THE GODFATHER PART II
In conjunction with the Museum of Modern Art’s series Glorious Technicolor: From George Eastman House and Beyond
Nitehawk Cinema, New York | July 8, 2015
Featuring an archival IB Technicolor 35mm print
Introduction by Rajendra Roy, The Celeste Bartos Chief Curator of Film, Museum of Modern Art.
Our screening of The Godfather Part II is in conjunction with the Museum of Modern Art’s series Glorious Technicolor: From George Eastman House and Beyond. As MoMA’s exhibition focuses exclusively on American films made between 1922 and 1955 (the year that Hollywood studios stopped using Technicolor three-strip cameras), Nitehawk is screening Francis Ford Coppola’s family crime epic because of its legacy of being the last American film released on Technicolor dye transfer prints.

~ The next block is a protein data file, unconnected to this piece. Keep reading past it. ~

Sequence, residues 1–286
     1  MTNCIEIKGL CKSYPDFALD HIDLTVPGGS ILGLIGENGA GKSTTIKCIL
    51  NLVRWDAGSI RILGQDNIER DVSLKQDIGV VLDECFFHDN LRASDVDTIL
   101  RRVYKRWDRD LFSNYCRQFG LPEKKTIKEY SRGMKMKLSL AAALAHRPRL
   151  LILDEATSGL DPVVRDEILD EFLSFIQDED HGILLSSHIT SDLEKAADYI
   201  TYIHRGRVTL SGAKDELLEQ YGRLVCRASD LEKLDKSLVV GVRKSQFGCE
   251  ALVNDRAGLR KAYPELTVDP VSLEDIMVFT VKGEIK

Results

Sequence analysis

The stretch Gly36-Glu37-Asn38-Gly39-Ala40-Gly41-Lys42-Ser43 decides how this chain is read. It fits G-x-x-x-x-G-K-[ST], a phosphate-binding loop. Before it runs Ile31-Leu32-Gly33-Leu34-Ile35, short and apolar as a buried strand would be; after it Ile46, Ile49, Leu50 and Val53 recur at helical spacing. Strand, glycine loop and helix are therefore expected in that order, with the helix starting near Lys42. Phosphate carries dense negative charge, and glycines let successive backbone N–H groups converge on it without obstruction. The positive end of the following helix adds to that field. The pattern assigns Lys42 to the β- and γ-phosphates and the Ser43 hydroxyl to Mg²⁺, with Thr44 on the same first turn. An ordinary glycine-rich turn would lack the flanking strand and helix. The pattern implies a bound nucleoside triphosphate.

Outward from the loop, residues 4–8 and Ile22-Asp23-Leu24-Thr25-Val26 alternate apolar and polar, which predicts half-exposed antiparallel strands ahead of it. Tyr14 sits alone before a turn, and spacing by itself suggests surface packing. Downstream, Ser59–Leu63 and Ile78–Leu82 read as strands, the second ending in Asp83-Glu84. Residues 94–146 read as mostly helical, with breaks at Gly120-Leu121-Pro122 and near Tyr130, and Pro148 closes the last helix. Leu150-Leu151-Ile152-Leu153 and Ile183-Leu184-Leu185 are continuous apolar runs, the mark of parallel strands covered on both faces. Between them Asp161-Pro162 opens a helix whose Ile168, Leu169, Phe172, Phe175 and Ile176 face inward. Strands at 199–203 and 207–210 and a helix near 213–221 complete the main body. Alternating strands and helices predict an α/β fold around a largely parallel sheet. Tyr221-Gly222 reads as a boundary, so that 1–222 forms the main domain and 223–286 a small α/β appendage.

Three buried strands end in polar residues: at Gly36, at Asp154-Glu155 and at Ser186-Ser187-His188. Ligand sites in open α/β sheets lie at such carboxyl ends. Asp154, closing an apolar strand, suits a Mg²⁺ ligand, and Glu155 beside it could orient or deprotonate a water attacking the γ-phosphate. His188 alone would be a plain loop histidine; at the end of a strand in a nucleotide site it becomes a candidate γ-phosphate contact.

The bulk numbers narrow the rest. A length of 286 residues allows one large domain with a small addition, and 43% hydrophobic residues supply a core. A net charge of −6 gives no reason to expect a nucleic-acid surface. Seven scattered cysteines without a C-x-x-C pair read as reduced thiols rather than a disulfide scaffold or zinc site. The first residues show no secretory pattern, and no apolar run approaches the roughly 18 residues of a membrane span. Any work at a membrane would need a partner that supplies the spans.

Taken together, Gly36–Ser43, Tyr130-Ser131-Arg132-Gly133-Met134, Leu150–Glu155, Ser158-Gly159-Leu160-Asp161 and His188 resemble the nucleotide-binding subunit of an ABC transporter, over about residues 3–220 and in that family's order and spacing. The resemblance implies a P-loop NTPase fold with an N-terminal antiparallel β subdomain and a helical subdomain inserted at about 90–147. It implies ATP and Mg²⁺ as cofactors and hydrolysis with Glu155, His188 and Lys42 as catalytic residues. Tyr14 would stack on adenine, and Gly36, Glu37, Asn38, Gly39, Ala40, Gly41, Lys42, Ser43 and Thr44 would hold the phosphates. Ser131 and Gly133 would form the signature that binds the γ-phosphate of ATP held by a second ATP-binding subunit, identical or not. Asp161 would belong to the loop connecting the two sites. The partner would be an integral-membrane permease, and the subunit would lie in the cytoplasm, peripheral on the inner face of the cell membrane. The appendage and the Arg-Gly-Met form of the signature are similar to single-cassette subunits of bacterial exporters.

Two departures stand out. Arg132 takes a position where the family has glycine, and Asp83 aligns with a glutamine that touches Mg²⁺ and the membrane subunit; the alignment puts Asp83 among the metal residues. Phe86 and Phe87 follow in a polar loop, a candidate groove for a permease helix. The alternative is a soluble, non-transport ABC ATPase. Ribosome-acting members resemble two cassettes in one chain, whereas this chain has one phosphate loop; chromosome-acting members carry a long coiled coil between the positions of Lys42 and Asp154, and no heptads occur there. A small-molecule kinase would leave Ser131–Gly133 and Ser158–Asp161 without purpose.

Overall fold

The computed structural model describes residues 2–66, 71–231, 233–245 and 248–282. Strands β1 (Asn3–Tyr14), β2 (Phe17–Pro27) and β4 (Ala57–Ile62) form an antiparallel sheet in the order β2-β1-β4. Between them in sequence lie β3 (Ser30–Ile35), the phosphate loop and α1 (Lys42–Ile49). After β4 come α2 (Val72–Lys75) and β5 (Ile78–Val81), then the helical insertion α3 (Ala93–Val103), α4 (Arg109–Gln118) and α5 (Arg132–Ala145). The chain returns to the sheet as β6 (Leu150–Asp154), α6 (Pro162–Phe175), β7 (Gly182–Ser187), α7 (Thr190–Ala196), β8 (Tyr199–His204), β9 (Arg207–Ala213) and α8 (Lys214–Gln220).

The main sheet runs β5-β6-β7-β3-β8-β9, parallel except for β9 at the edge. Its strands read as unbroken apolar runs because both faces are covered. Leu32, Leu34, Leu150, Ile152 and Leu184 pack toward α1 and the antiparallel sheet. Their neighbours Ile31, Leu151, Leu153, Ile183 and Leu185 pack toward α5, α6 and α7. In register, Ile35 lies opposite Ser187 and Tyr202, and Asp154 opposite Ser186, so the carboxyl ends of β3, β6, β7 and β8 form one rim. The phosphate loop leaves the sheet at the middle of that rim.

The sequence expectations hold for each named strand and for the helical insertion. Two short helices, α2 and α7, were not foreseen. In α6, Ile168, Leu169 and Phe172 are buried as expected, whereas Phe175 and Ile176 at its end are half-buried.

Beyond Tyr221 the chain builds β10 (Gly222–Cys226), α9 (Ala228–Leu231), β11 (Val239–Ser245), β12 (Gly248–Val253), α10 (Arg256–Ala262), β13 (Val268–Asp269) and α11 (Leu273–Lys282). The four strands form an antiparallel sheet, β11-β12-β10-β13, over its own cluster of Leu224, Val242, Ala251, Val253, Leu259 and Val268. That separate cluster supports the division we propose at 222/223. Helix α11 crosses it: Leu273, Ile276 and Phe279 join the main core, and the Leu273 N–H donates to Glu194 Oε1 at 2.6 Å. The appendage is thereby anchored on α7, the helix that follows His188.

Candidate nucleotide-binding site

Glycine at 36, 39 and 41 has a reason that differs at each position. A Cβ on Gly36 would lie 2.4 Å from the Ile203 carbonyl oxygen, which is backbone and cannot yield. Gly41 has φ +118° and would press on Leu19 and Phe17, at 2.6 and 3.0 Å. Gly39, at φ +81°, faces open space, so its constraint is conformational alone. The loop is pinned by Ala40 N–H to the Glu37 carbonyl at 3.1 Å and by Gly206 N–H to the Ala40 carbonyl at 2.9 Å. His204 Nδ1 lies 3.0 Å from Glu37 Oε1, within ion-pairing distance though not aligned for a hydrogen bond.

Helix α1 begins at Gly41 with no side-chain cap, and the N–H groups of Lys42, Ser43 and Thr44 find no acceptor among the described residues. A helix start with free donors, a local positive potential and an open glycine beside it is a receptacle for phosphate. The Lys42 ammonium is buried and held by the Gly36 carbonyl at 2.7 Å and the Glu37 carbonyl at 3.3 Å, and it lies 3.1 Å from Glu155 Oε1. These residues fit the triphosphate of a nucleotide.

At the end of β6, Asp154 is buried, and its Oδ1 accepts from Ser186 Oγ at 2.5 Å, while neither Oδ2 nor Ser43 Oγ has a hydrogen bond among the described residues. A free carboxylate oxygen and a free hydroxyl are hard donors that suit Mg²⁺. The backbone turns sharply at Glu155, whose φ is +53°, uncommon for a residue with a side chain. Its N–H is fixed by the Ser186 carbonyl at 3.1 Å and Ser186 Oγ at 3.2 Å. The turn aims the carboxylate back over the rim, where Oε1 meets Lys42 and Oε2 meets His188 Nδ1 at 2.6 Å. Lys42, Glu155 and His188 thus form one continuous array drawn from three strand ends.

The Godfather: Part II traces two generations of crime starting with the beginning of a gangster family in Sicily and early 1920s New York life of a young “godfather” Vito Corleone (played by Robert de Niro). It also focuses on his son Michael’s (Al Pacino) budding life of crime as he takes control over their crime syndicate stretching from Nevada to Cuba in the late 1950s. The Godfather films set the tone for a new wave of gangster films and this one is rightly considered an American classic; oh, and quite possibly cinema’s greatest sequel.